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Monday, April 15
The Indiana Daily Student

bloomington unhoused

UPDATE: The quest for cheap housing: candidates offer visions of an affordable Bloomington

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Every candidate for mayor lists affordable housing as a priority, and yet both candidates and residents are sharply divided on how to achieve affordability.

As Bloomington grows, housing costs are driven up by high demand, naturally forcing a question of either expanding supply or letting people get priced out of town.  

Either way, the affordability crisis in Bloomington will be shaped by whoever assumes the mayor’s office next January. Just two weeks out from the start of early voting on April 4, the IDS reached out to all four candidates running for mayor to get their approach to affordable housing.  

[Related: Meet the candidates running for Mayor of Bloomington]

The city’s current approach to affordable housing 

John Zody, Bloomington’s director of Housing and Neighborhood Development, said the approach to affordable housing can be divided into three buckets: housing insecurity, rental housing and homeownership.  

The first bucket includes people who pay more than 30% of their income on housing. This qualifies them as housing insecure. Zody cited Heading Home, a group dedicated to reducing homelessness, as an example of a city partnership designed to address this issue.  

Second is rental housing, which affects both low-income residents and students. In fact, two-thirds of people in Bloomington are renters, Zody said.

Action items for this bucket include rental inspections from the city every few years to ensure safe housing. They aim to increase rental affordability, which is complicated by the high demand: 98% of rental units are occupied, Zody said.  

To increase affordability, the city reasons supply must be increased to meet demand and drive down prices.  

[Related: City council discusses e-scooters, moving utilities department]

“We don’t control the market, but we can influence the market,” Zody said.  

This involves providing financial incentives for companies to build more units, he said, particularly if it’s affordable.  

The third and final topic is home ownership, which the city hopes to aid through down-payment assistance programs.  

Zody said the city has built 1,400 affordable housing units since 2016, a milestone that has been slowed by high construction costs due to the pandemic.  

Another constraint on the city’s housing policy is Indiana law, which prohibits cities from controlling rents and implementing inclusionary zoning.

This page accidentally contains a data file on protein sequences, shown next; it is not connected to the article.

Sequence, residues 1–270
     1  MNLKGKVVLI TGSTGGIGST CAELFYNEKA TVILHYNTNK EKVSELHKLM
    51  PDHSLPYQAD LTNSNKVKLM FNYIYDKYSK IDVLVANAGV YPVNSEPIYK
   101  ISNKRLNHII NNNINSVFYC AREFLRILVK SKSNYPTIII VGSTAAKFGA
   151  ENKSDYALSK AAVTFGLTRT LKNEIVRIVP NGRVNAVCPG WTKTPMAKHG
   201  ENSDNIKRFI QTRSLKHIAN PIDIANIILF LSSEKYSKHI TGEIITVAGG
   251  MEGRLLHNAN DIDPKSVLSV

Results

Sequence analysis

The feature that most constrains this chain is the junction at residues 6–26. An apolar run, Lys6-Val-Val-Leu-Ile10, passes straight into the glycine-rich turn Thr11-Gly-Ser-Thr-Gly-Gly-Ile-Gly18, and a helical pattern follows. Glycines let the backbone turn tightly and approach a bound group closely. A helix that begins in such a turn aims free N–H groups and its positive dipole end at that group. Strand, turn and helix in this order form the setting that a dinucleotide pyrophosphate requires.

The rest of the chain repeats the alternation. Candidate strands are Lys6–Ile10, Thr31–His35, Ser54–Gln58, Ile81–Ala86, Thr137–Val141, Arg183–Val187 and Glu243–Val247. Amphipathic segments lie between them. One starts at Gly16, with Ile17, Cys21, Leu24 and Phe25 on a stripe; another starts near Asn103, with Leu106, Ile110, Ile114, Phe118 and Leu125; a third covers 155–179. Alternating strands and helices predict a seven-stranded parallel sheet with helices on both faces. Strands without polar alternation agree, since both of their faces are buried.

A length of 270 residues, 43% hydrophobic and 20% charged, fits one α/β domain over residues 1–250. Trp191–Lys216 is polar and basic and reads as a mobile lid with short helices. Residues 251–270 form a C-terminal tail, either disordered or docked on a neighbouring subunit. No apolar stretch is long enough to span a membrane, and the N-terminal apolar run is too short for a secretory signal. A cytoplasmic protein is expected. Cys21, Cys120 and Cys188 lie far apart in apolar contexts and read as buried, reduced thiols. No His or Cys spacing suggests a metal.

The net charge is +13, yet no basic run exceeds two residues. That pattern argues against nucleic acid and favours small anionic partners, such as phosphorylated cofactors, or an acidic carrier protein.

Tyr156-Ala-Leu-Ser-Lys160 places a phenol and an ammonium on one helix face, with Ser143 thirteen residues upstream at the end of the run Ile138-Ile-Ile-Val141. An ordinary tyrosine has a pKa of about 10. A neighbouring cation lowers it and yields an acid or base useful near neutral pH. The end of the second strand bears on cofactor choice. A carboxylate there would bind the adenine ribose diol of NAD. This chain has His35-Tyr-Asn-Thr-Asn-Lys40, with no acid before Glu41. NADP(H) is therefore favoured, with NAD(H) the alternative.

In 2017, Bloomington attempted to adopt inclusionary zoning policies that would require a developer to make a certain percentage of units affordable. Their plans were stopped due to state legislation passed in the same year banning the practice.  

Former deputy mayor and Democrat Don Griffin emphasizes ‘missing middle’ housing 

Don Griffin, a Democratic candidate for mayor, said his affordable housing policy would build upon Mayor John Hamilton’s policy by being more intentional about housing projects. Instead of waiting for developers to come to the city, Griffin said, the city should tell developers about ideas for development. 

Beyond increasing rental affordability, Griffin wants to expand homeownership in Bloomington. He said only 38% of people own property within the city limits.  

To accomplish this, Griffin referenced an urban planning concept called missing middle housing. The concept advocates for housing in between detached single-family homes and apartment complexes, such as cottage courts or townhouses. By creating neighborhoods with diverse types of housing along a range of prices, buyers can have more options to choose from.  

“Those opportunities may not look like a picket fence with half-an-acre,” he said.  

Griffin said it is also important to be able to retain recent college graduates who are looking for work and an affordable home. He said people typically “boomerang” back to Bloomington after leaving after graduation and said affordable housing could prevent them from leaving in the first place.   

“The next generation can’t afford your house in Elm Heights,” he said. 

[Related: Bloomington to start construction of B-Line Connection Project]

In the midst of the affordable housing debate, some have said that increased housing density reduces green space and harms the character of Bloomington. Griffin disagrees, saying increased density actually keeps green space by reducing urban sprawl.  

Griffin also said people didn’t worry about changing the character of a neighborhood when it was primarily people of color or working-class people that lived there.  

“It’s time to help people of color and other marginalized people get home ownership,” he said.  

When it comes to the unhoused population, Griffin said providing mental health and substance abuse services is critical. He said he supports increasing transitional housing for people experiencing homelessness and preserving Bloomington’s role as a regional hub for resources. 

Griffin also said he felt some people were afraid that if the city does too good a job of providing for the unhoused community, it would encourage more people to come to Bloomington in search of services.